04 January 2012

The End of the 2MRC Strategy?

It's been the cornerstone of US strategic thought since the end of the Cold War, but now the two major regional conflict strategy may be ending?

The United States should give up the capability to fight two major ground wars simultaneously, according to a Pentagon review that will be presented this week, a U.S. official said Wednesday.

The official, who was not authorized to speak publicly, said the strategic review presents priorities to guide the military into the future, but "they are proposals, not all of them set in stone."

The review sets forth potentially big changes in U.S. strategy, including, the official said, removing up to 4,000 troops from Europe and downsizing the overall ground forces even further. The 2012 budget request already called for cuts of 27,000 soldiers and 20,000 Marines in the next four years, and those numbers could increase.

The military would not maintain its ability to wage two large conflicts at the same time, such as it did in Iraq and Afghanistan, the official said.

So what do we replace it with? What makes sense as a way to shape US strategic thought for long-term defense planning? Based on what's on the horizon, how do you prepare for (and hopefully deter) unknown conflicts, without unwittingly triggering a different one through fear (on their part) or weakness (on ours)?

And how would our allies respond to fundamental shifts in our strategy? Not that they toe a party line with our existing plans or anything, but if we tell Korea "Tough. You're on your own." what does that do to our alliance with them? Or the Saudis, or the Europeans, or anyone else?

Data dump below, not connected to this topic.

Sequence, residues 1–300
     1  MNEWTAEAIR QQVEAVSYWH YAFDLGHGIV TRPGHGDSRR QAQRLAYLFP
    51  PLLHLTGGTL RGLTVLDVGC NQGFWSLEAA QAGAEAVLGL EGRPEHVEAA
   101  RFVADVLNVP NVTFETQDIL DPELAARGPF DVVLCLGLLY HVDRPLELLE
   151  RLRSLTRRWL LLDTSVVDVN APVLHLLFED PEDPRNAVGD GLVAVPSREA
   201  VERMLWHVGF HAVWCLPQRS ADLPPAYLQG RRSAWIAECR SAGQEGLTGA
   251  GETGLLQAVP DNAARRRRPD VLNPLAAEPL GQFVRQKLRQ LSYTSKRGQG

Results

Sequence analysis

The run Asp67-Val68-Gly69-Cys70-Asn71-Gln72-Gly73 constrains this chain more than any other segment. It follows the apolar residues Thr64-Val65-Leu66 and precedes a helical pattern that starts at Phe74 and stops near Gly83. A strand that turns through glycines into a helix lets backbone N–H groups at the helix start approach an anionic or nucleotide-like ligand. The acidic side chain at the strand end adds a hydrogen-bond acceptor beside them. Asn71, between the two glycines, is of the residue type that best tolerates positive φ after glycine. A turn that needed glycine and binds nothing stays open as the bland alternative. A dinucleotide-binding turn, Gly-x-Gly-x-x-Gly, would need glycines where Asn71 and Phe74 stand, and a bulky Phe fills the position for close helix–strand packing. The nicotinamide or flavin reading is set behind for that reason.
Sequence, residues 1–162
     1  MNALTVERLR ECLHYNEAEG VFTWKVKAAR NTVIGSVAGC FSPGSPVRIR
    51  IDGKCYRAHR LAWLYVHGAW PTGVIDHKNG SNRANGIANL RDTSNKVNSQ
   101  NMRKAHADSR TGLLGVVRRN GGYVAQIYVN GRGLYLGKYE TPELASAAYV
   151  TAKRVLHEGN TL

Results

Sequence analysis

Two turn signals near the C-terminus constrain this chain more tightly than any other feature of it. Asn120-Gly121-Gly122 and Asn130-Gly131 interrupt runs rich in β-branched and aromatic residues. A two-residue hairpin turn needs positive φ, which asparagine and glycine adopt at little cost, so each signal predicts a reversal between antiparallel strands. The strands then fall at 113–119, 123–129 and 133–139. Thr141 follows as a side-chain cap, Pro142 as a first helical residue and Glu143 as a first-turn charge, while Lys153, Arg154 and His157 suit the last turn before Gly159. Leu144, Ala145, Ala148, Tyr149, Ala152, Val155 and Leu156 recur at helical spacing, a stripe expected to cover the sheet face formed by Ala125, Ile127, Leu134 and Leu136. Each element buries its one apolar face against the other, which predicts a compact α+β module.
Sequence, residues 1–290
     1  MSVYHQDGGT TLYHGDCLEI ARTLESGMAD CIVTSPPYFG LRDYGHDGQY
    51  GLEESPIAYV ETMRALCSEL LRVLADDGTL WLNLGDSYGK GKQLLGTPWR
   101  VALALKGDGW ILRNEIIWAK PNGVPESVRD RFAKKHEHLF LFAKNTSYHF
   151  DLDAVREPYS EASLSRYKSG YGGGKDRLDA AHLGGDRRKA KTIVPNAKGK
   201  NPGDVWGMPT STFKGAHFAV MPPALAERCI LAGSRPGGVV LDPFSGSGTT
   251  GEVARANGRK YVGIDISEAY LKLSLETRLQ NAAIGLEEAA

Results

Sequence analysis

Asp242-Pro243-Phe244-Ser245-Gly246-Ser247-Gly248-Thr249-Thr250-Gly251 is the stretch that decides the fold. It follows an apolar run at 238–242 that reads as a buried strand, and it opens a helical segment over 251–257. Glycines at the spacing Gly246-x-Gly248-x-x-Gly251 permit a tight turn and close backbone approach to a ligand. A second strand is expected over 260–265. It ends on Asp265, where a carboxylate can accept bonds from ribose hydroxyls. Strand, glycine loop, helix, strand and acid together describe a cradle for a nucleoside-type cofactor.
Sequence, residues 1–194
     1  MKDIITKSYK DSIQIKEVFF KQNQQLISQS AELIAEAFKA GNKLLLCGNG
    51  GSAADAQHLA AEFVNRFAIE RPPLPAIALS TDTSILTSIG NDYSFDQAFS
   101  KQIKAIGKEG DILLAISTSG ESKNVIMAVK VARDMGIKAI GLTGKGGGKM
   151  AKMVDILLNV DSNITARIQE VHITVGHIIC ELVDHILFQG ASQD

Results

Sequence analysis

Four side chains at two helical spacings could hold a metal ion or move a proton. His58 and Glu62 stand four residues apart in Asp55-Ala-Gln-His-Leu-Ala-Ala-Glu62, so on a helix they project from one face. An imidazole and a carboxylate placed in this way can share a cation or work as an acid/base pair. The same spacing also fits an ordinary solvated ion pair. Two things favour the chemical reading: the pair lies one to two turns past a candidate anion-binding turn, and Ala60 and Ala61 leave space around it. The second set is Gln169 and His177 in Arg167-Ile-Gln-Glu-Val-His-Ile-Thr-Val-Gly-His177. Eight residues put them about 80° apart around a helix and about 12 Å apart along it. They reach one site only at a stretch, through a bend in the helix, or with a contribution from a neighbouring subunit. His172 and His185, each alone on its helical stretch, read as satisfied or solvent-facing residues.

Sound off below!

By: Brant


Brian said...

Well, I suppose the first question to ask is, when has the United States ever fought two major ground wars simultaneously?

During Korea and Vietnam, the American forces awaiting the Soviet juggernaut in Western Europe were drawn down and hollowed out to the point where they could not have offered a serious conventional deterrent, in order to feed the demands of the conventional war on the other side of the globe.

Iraq and Afghanistan are/were two simultaneous conflicts, but were they both major ones? Not in terms of enemy combatants, certainly, only in terms of US troops (and contractors and sutlers and mercenaries) deployed there.

Even fighting two insurgencies simultaneously has drastically worn down the combat arms, the parts of the Army that take the worst punishment in every conflict, major or minor.

Perhaps it's time for the US to give up planning to do something it could never do anyway, or at least keep up for long.

Your/our allies (I suppose I can say that, since Canada is now some kind of auxilia) hope they won't be overrun by their nearby enemies, but I don't think their defense planning is specifically predicated on Uncle Sam coming to save them in 30 days or less.

Anonymous said...

Our East of Suez moment? The bigger issue is who fills the vacuum?